The Rhône Valley of France is famous for its Syrah, Grenache, and Viognier grapes (among others), while Merlot, Cabernet Sauvignon, and Cab Franc (et al!) are grown in Bordeaux. And these wine grapes have thrived in their respective regions for centuries.
But what happens when rising temperatures change the kinds of grapes that can be grown in a particular area?
How is the climate crisis changing the way wine is produced? And what can we do as consumers to promote sustainability among winemakers?
Paul Wagner is a Viticulture and Winery Technology Instructor at Napa Valley College and Cohost of Bottle Talk with Rick and Paul. He also serves as guest lecturer at multiple universities in Europe and the US and offers several wine-related courses as part of The Great Courses lecture series.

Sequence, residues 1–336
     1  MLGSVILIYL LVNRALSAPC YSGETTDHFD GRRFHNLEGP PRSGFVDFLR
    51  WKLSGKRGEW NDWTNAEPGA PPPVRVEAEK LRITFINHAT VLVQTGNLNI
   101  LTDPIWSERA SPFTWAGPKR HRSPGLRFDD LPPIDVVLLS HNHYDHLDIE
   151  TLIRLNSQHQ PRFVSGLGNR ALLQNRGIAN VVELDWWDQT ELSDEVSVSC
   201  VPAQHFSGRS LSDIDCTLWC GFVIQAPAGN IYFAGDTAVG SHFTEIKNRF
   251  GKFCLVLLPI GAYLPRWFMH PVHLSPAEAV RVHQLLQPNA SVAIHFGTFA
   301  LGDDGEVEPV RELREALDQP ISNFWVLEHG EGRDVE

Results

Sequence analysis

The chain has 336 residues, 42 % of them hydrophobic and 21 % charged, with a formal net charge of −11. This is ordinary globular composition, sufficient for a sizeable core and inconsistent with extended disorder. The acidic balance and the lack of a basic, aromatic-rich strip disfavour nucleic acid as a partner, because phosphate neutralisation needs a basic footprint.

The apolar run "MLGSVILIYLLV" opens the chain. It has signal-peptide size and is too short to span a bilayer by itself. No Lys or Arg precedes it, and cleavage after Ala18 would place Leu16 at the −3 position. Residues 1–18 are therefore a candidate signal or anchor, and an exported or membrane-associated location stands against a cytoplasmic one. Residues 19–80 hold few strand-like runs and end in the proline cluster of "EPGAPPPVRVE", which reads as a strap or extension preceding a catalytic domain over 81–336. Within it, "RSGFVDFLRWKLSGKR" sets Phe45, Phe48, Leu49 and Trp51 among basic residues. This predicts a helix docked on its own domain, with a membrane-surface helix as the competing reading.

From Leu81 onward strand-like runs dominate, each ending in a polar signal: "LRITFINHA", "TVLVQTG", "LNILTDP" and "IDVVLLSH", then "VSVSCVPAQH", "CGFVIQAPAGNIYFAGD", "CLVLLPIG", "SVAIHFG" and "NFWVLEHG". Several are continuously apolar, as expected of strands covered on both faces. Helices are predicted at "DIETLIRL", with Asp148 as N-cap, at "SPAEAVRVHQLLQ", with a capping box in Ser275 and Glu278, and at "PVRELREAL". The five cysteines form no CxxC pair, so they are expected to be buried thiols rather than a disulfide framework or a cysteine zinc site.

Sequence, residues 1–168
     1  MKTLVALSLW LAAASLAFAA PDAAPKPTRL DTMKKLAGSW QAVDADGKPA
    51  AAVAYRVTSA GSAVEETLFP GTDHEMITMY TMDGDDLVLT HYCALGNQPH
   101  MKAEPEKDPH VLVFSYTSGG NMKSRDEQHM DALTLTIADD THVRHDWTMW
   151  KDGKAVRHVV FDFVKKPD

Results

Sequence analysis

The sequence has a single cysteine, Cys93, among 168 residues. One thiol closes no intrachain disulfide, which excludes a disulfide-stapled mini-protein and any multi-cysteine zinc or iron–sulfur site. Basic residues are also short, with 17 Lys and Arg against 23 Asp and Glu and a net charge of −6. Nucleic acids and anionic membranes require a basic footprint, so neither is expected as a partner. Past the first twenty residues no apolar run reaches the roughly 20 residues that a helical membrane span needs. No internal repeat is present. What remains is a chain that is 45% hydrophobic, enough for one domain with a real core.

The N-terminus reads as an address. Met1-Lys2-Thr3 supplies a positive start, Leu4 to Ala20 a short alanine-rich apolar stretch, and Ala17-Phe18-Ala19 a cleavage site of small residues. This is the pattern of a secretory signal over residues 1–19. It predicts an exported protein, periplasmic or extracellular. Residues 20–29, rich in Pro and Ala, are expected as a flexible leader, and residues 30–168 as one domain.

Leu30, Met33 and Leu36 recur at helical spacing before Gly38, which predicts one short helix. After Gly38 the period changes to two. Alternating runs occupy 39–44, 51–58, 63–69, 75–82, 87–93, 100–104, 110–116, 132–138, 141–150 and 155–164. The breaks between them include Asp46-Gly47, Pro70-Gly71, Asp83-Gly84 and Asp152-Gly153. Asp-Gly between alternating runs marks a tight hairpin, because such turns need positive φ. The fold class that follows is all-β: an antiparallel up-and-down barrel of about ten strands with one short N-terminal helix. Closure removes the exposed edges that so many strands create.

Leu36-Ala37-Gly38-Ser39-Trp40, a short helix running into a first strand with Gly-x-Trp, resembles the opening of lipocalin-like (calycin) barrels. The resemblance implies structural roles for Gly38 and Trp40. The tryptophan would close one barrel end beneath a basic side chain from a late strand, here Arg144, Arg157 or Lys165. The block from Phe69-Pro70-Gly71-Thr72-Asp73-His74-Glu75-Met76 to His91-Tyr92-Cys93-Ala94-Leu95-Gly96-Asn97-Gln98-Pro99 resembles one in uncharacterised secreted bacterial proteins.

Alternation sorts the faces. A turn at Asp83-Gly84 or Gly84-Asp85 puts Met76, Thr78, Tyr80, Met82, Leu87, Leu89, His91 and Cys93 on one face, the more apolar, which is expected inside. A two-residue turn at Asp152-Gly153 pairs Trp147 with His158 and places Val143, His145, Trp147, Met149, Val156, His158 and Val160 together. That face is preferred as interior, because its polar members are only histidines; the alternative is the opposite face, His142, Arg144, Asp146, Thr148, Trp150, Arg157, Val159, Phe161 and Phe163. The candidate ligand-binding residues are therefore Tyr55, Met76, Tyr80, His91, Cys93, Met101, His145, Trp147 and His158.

On this episode of Reversing Climate Change, Paul joins Ross to explain what attracts him to the artistry and experience of winemaking, exploring what makes wine grapes sweeter than any other fruit and how they give you a sense of both place and time.
Paul describes how climate is changing the way wine is made everywhere in the world, discussing what winemakers are doing to avoid rising temperatures and how the climate crisis might influence the evolution of wine in places like Bordeaux and Rhone.
Listen in for insight on how climate informs the alcohol content in wine and get Paul’s advice for the environmentally conscious on choosing a wine you like—and then finding a winemaker who’s working toward carbon neutrality.
(Wine is discussed for its own sake for the first twenty or so minutes. If you want to skip right to the intersection with climate, it begins at 24:32.)
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